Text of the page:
Imagine you are in your room.  It is quiet and comfortable.  As you slip off to sleep you are confident you are safe in your own bed, among your own things.  After a sound sleep, you awake to a pitch black room – a darkness so dark, not even this smallest bit of moonlight creeps in, so void of light that your ears ring.  You are frightened.  Your sudden awareness that you have awoken in an unfamiliar space is so invasive that you cannot decide to move or sit still.  Knowing the end of your pain is only in the discovery of its origin, you place your feet on the floor and stand.  You stretch your arms out and like the blind, you feel your way around the walls.  Your hands follow the lines of the furniture, a bed, a dresser, a chair – slowly painting a mental picture of what the space you are trapped in must look like in the light.  You feel around for a light switch, a door, a lamp – anything that might give you sight.  Your palms sweat.  Your mind wanders. But you eventually find the door.  The light bursts in and you discover that you fell asleep at home, and awoke in someone else’s bedroom.  How did you get there? Why did it come so sudden? These are questions you cannot answer, but the mere fact you are in such an intimate place as another persons bedroom, means you must find out how and why.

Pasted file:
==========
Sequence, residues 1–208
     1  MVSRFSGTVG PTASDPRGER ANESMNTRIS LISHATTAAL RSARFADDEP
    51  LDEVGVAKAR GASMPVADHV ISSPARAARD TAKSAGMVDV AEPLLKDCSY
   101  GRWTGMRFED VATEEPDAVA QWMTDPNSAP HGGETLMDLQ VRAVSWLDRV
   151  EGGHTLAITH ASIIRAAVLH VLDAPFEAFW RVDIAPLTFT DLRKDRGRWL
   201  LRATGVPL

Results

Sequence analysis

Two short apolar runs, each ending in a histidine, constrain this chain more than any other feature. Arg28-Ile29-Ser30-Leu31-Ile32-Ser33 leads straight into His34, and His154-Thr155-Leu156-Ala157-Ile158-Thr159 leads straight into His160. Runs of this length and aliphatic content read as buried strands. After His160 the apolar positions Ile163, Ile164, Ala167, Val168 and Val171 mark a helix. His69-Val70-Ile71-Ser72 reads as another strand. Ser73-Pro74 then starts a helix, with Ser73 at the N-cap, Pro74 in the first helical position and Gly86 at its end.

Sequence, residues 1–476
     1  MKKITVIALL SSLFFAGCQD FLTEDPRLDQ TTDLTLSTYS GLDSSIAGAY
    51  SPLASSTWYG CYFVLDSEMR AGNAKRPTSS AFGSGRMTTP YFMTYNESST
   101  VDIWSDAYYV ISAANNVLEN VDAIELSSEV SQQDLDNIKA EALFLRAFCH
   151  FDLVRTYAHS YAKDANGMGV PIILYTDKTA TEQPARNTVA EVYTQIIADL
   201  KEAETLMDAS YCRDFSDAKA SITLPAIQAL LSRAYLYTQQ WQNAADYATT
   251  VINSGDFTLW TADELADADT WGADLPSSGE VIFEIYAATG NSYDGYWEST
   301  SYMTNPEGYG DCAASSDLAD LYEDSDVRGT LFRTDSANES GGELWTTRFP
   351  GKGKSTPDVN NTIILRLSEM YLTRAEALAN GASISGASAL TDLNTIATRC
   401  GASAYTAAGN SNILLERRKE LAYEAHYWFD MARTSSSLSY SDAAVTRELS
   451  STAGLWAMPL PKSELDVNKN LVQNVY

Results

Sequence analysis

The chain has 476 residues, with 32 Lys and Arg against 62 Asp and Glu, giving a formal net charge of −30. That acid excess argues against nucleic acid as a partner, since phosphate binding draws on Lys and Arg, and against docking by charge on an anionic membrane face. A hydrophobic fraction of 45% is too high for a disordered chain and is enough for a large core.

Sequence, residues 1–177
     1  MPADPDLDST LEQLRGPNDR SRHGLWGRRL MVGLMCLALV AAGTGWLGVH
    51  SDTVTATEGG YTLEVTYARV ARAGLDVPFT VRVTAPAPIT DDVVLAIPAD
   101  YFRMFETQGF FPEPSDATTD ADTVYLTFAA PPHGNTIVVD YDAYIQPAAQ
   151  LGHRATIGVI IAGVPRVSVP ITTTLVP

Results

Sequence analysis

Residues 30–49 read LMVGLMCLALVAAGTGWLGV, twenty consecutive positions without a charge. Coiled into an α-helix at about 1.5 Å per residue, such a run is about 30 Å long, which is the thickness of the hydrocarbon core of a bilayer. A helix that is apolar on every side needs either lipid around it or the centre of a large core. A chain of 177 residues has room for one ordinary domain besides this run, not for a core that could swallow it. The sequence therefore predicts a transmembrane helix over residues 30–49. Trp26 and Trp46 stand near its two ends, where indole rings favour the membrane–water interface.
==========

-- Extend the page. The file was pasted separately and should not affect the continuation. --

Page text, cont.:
This process of waking up blind in another bedroom is how I experience emotions.  The emotions come suddenly, with no real definition.  I must feel around, tracing an image in my mind, hoping I can discover what it is.  Yet once I learn what the emotion is and the light comes bursting in, I still have to find out where it came from and why.  
People, like me, with autism must put tremendous effort into bonding emotion with understanding.  This is why it angers me when people with autism are accused of laking empathy. It is not that we do not feel empathetic, but rather that accessing that emotion in any real reaction time is excruciatingly difficult. This process is only eased by the patience of those around us, the extension of unconditional love and the freedom to release through our special interests.  So the next time you want to know how someone with autism feels about you, don’t ask them to show you with words and body language.  Rather, let them show you in their own way.
Today, ask someone with autism to take you on an adventure in their world.
Laura Nadine